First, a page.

Some Perspective on Calvin

I just came across this quote from an acquaintance on Facebook---the quote intends to give a more round characterization of Calvin (or maybe demonize him):

John Calvin
Most Protestant Christians know John Calvin (1509 – 1564) as the French theologian of the Protestant Reformation who fathered Calvinism, the theological backbone of the Dutch Reformed and Presbyterian churches. However few know the unflattering, intollerant & self righteous side of Calvin, whom had 16th century Geneva (1540s & 1550s) under such control that he was known as the "the Protestant Pope" and the "Dictator of Geneva". Following is a brief synopsis of Calvin's life in Geneva, with URL linked references. A picture emerges of a well educated, polemic defender of the Reformed faith, who's vast theological contributions are marred by instances of religious intolerance, jealousy & mis-use of power/authority over those who disagreed w/ him, theologically or otherwise.

It is true that Calvin was a human being, or Luther's simul justus et peccator; ‎but what's the point of highlighting such things, if not (usually) to marginalize and poison the material that Calvin offered the church, theologically? This is not to say that I agree with Calvin just because he is Calvin; indeed, I disagree with some fundamental things relative to Calvin's theology (like his construal of election ... I advocate for our Evangelical Calvinist understanding instead). But, if I quit paying attention to theologians and Christians because of some sort of heinous sin or character flaw in their person; then, there would be no one to pay attention to in the Christian faith---not to mention, David (in the Old Testament). I am not excusing Calvin's flaws, I am only trying to provide some perspective; Calvin was a man. Usually the mood that often prompts the kind of sentiment communicated in the above quote comes with something related to Calvin's handling of the Servetus incident. I have an old post on that here.

Does Christian character matter? Yes! Was Calvin someone who sought Christ, and yet remained a sinner? Yes! It would be very scary, indeed, if we all were studied, scrutinized, and scoped the way Calvin is. I would imagine that we would all be disqualified from the faith. I don't think it is wrong to try and know who Calvin was, for historical reasons; but it is the way that this kind of historical reconstruction is used that causes me to be wary in such instances.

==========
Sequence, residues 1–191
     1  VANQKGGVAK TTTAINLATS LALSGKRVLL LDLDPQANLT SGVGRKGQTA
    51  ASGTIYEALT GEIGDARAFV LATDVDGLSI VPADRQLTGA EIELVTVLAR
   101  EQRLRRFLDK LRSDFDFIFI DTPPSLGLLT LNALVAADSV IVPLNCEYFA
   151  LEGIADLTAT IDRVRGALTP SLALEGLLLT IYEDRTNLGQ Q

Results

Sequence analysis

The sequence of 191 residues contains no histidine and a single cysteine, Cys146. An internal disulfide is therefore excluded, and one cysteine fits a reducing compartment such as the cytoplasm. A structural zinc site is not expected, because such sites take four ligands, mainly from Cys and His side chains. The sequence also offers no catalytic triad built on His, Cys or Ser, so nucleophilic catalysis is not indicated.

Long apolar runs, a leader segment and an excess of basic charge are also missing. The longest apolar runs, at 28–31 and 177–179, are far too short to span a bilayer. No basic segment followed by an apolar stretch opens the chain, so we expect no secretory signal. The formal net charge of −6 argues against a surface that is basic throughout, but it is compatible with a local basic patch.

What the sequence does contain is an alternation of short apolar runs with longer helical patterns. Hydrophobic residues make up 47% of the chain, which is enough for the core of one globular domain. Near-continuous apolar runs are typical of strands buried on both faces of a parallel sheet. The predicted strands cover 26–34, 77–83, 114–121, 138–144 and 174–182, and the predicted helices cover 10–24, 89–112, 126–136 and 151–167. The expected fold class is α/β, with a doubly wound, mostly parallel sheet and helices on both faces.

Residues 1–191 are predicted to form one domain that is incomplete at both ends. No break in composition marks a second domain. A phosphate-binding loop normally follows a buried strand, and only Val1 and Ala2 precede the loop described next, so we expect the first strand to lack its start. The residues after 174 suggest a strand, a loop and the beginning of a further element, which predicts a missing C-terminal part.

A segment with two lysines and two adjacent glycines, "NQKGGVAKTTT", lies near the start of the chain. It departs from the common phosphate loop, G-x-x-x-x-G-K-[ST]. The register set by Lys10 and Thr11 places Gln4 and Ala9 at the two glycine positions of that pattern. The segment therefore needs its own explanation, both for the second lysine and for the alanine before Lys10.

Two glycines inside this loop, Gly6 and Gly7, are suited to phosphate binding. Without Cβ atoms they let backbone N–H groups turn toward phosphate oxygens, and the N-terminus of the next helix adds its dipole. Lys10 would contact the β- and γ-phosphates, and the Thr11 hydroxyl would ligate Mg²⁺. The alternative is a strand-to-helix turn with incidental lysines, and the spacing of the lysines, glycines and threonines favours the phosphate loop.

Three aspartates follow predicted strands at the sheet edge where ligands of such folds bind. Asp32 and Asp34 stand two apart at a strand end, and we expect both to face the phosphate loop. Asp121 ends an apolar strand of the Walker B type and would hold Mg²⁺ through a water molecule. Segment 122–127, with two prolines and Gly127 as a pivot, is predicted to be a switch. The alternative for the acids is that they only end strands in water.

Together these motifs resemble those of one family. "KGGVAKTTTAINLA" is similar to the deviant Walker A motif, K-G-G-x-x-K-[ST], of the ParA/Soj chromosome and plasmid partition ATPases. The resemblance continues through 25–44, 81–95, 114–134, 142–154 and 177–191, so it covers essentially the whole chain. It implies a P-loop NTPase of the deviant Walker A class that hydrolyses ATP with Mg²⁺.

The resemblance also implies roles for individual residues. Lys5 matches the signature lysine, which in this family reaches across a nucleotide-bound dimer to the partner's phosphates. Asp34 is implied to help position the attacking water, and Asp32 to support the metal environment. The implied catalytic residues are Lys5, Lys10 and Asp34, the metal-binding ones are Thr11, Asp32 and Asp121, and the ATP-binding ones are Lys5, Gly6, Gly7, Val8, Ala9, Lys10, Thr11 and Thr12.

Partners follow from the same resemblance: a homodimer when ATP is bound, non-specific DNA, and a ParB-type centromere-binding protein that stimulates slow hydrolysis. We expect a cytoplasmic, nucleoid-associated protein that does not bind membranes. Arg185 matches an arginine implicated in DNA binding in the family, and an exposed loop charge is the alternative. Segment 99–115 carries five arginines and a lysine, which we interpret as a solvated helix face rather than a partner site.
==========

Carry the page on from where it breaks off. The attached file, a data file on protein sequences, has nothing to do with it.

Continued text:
The "Anonymous" Comment that Slipped Through

This comment came through on my last post, anonymously (which don't comment anonymously ... from this point on I will delete all such comments, unless you leave your name in the body of the comment because you don't know how to comment any other way). It showed up in my email, but oddly not here at the blog (not even as a deleted comment); so I have no idea how that happened. Let me transcribe it (it's short), and then respond to it; quickly! Here it is:

Bobby, there is a distinction between dialectical and dialogical theology. Your thesis seems somewhat confused in that regard.
 Also, not sure how you can claim that theological exegesis should be the 'only' way Christian thinkers and readers engage scripture. This comes across as nonsense when we consider the ways in which Bultmann's theology grew out of his historical-critical methods and interaction with existentialism -- he did not do theological exegesis as such. More often than not theological exegesis looks like isogesis in that there is a reading of the creed back into the text in a rather unhelpful way. 

In response to this "commenter's" first gripe on the distinction between dialectical and dialogical theology. The really strange (presumptuous) thing about this, is that this commenter has never read what Myk and I develop in regards to this thesis. Beyond that, this commenter simply makes an assertion, and then presumes that he has made some sort of substantial point by simply asserting something without explanation!

As far as Bultmann. At the end of the day, I don't really care whether or not Bultmann did theological exegesis or not; I am simply reporting what Rowe and Hays "argued" (V. asserted) in their essay.

As far as theological exegesis usually leading to isogesis; this is just a ridiculous assertion. This presupposes that an exegete can come to the text of scripture without informing theological suppositions. But the fact that a person (any person) comes to the text of scripture to interpret it, presupposes that said exegete has already committed themselves to a particular theological grid (whether it be 'Christian' or not is another story). Furthermore, the fact that orthodox Christians believe in the Trinity etc., commits the Christian exegete, at least, to a fundamental theological principle that will shape their interpretive endeavor both dialectically and dialogically!